There has been a pretty big shakeup at the Spitzer School of Architecture. Last week, City College of New York President Lisa S. Coico announced in an email to the school that George Ranalli, dean of the Bernard and Anne Spitzer School of Architecture was on administrative leave effective immediately. Professor Gordon Gebert has been named the acting dean in the meantime. City College did not respond to AN‘s request for comment on the change.
Henry Urbach, Director of the Philip Johnson Glass House in New Canaan, Connecticut, since 2012, has left the National Trust Historic site. Urbach came to the house from the San Francisco Museum of Modern Art. He departed that job in 2011, in part to pursue a research project on the Johnson house, which he classified as “as a laboratory for curatorial experimentation.”
Just after celebrating its 100th anniversary, the owner of The New Republic, the esteemed magazine of policy and criticism, announced new editors and a new editorial direction. Existing staffers and contributors resigned en masse following a dramatic meeting with owner Chris Hughes and new leadership. Editor-in-Chief Franklin Foer resigned alongside 30 year veteran literary editor Leon Wieseltier, who led the magazine’s cultural coverage. The magazine’s longtime architecture critic, Sarah Williams Goldhagen, is also parting ways with the magazine.
Robert A.M. Stern has indicated he will step down as dean of the Yale School of Architecture in Spring 2016, according to the Yale Daily News. During his tenure, Stern has reinvigorated the School, restored its home, expanded its faculty, and brought through a roster of prominent guest critics from around the world. Stern has taken an eclectic view of architecture, bringing in practitioners of various styles and pedagogical viewpoints, and reinvigorated the study of architectural history with a new Ph.D. program.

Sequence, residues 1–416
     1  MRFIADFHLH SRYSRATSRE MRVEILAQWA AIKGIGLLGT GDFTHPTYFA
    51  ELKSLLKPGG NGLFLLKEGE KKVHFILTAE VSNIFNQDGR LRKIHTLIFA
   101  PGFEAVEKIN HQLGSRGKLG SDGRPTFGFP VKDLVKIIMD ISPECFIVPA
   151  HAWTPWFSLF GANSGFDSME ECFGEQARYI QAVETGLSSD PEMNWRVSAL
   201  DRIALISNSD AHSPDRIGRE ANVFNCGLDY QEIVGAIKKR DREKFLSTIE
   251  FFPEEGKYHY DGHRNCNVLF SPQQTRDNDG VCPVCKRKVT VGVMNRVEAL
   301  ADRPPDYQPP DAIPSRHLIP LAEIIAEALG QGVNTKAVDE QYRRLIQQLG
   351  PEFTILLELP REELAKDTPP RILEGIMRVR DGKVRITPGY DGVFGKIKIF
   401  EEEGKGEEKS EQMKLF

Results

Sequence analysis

It’s no AECOM and URS, but NAC Architecture, which has offices in Spokane, WA, Seattle, Denver, and Los Angeles has merged with Southern California firm Osborn, and are moving their LA operations into new offices in the city’s Chinatown neighborhood. NAC’s 13,000 square foot LA office, to be located on the third floor of a historic building at 837 North Spring Street, will consist of 40 people, including all of Osborn and NAC’s current LA staffs.
It’s the end of summer and again time for architecture students and faculty to return to studios and classrooms all over the country. There are several new high profile architecture Deans facing their first week of dealing with academic regulations, nervous students, and lack of classroom space. In addition young new faculty are preparing for their first lectures and several well known senior faculty have transferred institutions. Pratt Institute for example, has just announced two high profile additions to its faculty.